This article was published originally on 6/27/2012
Have you checked you impatiens lately? If your plants appear stunted, yellowing, or have just a couple of leaves left, you might want to consider sending us a sample.
Impatiens downy mildew is a relatively new disease that wreaked havoc in homeowner gardens and greenhouses in 2011. This disease is yet to be confirmed in Iowa but it has already been reported in several states throughout 2012.
Symptoms of impatiens downy mildew include pale or yellowing leaves that may initially be confused with a nutritional deficiency. As infection progresses, leaves may start to curl and a white fuzzy growth can be seen on leaf undersides. Severe infections often lead to early defoliation and blossom drop, leaving bare stems behind.
Downy mildew is caused by a fungus-like organism called Plamospora obducens. This pathogen thrives under cool and wet weather conditions, especially if nighttime temperatures drop to 50-72 degrees F. Downy mildew can spread through rain splash, overhead irrigation, and wind. It also produces a type of spore (called oospore) that can remain inside infected plant material for several years.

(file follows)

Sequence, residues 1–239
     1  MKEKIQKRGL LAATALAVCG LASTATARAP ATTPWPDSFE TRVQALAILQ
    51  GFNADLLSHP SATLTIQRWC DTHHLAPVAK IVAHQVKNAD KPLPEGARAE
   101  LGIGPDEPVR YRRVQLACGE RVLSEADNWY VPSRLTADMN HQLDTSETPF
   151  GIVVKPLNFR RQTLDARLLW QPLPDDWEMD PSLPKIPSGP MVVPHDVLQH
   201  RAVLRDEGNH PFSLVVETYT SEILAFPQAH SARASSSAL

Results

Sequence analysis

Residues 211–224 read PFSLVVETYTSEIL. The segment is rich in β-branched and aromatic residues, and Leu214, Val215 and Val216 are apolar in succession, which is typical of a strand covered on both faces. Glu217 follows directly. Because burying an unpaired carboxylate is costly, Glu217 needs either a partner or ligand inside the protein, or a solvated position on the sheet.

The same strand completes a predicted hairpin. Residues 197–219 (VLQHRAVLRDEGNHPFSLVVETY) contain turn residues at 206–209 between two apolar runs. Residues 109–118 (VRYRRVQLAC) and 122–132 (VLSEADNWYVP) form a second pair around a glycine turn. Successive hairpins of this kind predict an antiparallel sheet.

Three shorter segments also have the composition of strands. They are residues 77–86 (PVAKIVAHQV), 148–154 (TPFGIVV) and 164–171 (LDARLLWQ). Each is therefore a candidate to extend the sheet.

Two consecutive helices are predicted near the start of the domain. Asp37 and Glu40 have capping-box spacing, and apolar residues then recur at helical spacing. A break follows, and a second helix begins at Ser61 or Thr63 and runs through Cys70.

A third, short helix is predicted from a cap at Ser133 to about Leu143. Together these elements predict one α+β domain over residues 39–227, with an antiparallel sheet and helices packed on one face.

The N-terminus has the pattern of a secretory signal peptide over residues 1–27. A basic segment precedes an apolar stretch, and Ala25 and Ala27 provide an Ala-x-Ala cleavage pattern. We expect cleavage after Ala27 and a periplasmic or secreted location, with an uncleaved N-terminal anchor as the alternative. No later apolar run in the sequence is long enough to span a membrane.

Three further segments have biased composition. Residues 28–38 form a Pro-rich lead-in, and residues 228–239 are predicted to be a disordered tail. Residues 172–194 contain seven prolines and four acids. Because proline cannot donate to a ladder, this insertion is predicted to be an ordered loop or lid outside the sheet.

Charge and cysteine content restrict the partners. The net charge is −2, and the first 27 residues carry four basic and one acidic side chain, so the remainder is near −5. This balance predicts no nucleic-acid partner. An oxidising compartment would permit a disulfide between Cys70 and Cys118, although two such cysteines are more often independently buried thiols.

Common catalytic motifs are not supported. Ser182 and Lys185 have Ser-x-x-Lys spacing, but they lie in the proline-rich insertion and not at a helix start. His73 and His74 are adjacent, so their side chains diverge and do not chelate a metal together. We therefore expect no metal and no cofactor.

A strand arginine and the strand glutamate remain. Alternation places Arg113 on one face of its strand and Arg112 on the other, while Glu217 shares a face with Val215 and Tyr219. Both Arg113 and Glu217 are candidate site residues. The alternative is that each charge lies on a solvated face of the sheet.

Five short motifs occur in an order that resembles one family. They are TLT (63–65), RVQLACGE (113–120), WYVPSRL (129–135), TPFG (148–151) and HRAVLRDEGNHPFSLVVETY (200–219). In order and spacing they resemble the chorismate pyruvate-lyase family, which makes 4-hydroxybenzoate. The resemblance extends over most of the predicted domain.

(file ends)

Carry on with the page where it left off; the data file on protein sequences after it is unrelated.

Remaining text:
Although current weather conditions have not been ideal for infection, it’s not a bad idea to glance at your impatiens every once in a while, especially if you had impatiens in your garden last year. If you suspect downy mildew on your impatiens or find fuzzy growth on leaf undersides, bag and remove the plants immediately. To reduce the risk of infection, avoid overcrowding and promote air circulation among plants. Also, avoid overhead irrigation and watering at night.
For more information or questions, please contact ISU Plant and Insect Diagnostic Clinic.
Pale, yellow leaf with symptoms of impatiens downy mildew. Photo credit: Stephanie Porter, University of Illinois Plant Clinic.
Bare impatiens stems following a severe infection of impatiens downy mildew. Photo credit: Stephanie Porter, University of Illinois Plant Clinic.